This past academic year was unlike any other! However, LSC assistant professor Nan Li did not miss a beat and enjoyed her first year as a faculty member at UW-Madison.
Li joined LSC as an assistant professor in visual and science communication beginning in the fall of 2020. Having received her M.S. and Ph.D. from LSC, Li was no stranger to Madison and campus; however, due to the COVID-19 pandemic, she spent her first year back at UW-Madison teaching and conducting research virtually. Li taught LSC 350: Visualizing Science and Technology during the Fall 2020 and Spring 2021 semester, and LSC 650: Risk Communication during the Fall 2020 semester. Additionally, Li spoke to our LSC 700: Science Communication Colloquium during the Spring 2021 semester about some of her recent research. Since joining the department, Li’s timely research has been focusing on studying the content and effects of visual representations of science and has done some of this work specifically related to visualization representations of the COVID-19 virus.
Recently, we sat down (virtually) with Professor Li and reflected on her first year as a faculty member in LSC.
LSC: Reflecting on your first year, what accomplishments are you most proud of and why?
NL: I have been studying visual communication of science for quite a few years, and I feel fortunate to be able to continue this line of research as a faculty member in LSC. During the past year, I examined how exposure to various visualizations of SARS-Cov-2 may influence viewers’ emotional response to the disease. I also explored the relationship between individuals’ awareness of the “Flatten the Curve” charts that went viral at the beginning of the pandemic and their perceived benefits of preventative measures (e.g., social distancing). Conducting and writing about these projects makes me think a lot about the so-called “post-text future” and how scientists should be using simple, appealing, and non-biased visuals to communicate the broad strokes of their work.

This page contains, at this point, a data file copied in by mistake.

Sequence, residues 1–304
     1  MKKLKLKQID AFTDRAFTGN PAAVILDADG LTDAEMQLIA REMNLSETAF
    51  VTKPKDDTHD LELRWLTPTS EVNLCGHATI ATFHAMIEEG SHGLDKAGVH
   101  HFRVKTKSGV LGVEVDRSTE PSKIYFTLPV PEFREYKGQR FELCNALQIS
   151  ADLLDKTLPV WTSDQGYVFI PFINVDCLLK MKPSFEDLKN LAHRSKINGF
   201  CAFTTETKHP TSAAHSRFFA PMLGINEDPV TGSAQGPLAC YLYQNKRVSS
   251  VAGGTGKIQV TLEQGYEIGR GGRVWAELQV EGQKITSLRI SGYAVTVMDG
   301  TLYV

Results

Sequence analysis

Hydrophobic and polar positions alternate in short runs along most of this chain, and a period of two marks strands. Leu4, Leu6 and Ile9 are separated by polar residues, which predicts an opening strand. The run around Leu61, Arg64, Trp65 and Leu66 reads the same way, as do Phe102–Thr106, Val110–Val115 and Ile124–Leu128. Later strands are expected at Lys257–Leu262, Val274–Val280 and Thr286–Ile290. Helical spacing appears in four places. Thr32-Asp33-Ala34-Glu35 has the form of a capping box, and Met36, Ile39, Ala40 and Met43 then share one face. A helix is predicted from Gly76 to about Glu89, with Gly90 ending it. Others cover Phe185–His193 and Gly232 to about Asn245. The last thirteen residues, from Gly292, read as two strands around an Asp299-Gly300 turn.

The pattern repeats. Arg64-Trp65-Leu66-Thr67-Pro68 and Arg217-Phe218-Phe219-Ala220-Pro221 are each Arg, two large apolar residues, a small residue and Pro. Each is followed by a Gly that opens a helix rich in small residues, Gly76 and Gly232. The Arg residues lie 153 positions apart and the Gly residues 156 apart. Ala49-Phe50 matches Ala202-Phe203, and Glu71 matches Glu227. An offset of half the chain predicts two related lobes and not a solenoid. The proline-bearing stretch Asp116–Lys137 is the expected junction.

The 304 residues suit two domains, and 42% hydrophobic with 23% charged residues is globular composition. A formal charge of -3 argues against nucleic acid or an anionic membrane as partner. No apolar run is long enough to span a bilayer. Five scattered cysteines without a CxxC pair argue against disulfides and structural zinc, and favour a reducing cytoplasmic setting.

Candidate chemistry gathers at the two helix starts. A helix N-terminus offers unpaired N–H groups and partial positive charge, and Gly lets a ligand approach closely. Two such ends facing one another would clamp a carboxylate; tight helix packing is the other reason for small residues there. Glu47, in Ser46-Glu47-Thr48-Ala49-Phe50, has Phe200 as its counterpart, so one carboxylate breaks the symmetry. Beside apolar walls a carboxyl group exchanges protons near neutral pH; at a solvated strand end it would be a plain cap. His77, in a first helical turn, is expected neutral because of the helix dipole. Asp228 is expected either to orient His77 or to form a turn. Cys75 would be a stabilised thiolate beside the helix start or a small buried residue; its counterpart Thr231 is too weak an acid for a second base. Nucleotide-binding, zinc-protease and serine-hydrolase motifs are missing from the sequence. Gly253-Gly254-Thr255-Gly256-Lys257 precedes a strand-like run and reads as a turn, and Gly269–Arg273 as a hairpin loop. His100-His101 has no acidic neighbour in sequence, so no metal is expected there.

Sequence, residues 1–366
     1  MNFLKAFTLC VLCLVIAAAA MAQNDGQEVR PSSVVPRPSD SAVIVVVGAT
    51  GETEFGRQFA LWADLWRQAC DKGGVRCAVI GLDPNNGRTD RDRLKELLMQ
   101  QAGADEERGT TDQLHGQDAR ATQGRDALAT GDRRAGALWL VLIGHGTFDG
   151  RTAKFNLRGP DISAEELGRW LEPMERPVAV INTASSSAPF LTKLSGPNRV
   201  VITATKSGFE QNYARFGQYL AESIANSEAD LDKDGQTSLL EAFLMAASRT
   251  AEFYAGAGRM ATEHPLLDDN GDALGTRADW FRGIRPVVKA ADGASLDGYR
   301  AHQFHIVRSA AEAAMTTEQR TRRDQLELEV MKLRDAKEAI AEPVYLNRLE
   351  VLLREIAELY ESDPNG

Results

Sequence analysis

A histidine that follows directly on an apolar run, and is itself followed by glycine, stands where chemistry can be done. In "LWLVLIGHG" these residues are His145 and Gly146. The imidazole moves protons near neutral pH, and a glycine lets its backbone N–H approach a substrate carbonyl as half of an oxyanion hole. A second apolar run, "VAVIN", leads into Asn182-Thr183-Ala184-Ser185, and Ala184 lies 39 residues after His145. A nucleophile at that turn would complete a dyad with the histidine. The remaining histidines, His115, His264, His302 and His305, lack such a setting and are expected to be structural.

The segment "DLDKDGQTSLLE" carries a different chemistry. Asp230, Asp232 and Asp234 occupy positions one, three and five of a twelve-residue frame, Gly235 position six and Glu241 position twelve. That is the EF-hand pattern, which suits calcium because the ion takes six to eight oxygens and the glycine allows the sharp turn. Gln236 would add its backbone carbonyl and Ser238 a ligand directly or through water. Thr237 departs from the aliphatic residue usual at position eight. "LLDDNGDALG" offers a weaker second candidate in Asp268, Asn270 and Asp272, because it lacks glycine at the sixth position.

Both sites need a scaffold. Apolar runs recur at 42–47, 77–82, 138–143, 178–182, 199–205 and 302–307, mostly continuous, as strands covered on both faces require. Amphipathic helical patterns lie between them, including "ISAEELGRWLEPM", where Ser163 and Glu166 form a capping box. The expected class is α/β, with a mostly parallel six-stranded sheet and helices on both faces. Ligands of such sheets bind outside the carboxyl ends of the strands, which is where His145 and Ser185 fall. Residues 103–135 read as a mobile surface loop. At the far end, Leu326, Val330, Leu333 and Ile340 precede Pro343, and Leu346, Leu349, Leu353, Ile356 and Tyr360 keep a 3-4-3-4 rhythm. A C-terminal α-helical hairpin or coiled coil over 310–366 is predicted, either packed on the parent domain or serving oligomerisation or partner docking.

LSC: What were the courses you taught with LSC? Do you have a favorite (virtual) classroom memory?
NL: I taught LSC 350: Visualizing Science and Technology in the fall and spring semesters; I also taught LSC 625: Risk Communication in fall 2020. My favorite memories are the “Visuals of the Week” presentations when LSC 350 students shared science visualization examples from their own disciplines. For example, an engineering student explained how the Perseverance rover lands on Mars by showing an interactive animation. A hydrologist introduced how streamgaging works using data visualizations. LSC students shared numerous visuals regarding COVID-19 and offered critiques as science communicators. It has been a fulfilling experience seeing students with different backgrounds teach and learn from each other.
LSC: What kind of research are you focusing on with LSC? What research groups are you involved in/collaborating with?
NL: At LSC, I work primarily with students at various levels to study the content and effects of visual representations of science. Most recently, we have been developing comic strips regarding COVID-19 vaccination in collaboration with a cartoon artist and examining their effects on college students’ attitudes and behavioral intentions.
LSC: How did you prepare for your first year as faculty in LSC? What is your trick to success?
NL: Online teaching and learning during the pandemic can be challenging. I make it a priority to stay connected with students and save ample time for breakout room discussion during live sessions. I found it important to infuse teaching with ancillary compassion and leniency to accommodate my students during these unprecedented times.
LSC: Now that you have been here a year, what is something you wish you would have known before coming to UW-Madison?
NL: Nothing that I can think of; the campus, the town, and everything that resides in them never felt unfamiliar to me as an LSC alumna. I am extremely thankful for the opportunity to be back at UW-Madison.
LSC: What is something you are excited about getting more involved with in LSC or at UW?
NL: I cannot wait to return to the beautiful Hiram Smith Hall and reconnect with friends, colleagues, and students in person. I am excited to further the research on visual communication of science through a broader collaboration with students, other LSC faculty, as well as researchers and artists across campus.
LSC: Any advice to an incoming faculty member at UW?
NL: Take a walk along the Howard Temin Lakeshore Path when you need a break at work; seeing the Mendota waves and rustling leaves will always bring you inner peace and a sense of joy.
After such a busy and eventful first year, we cannot wait to see what the future holds for Professor Li here in LSC!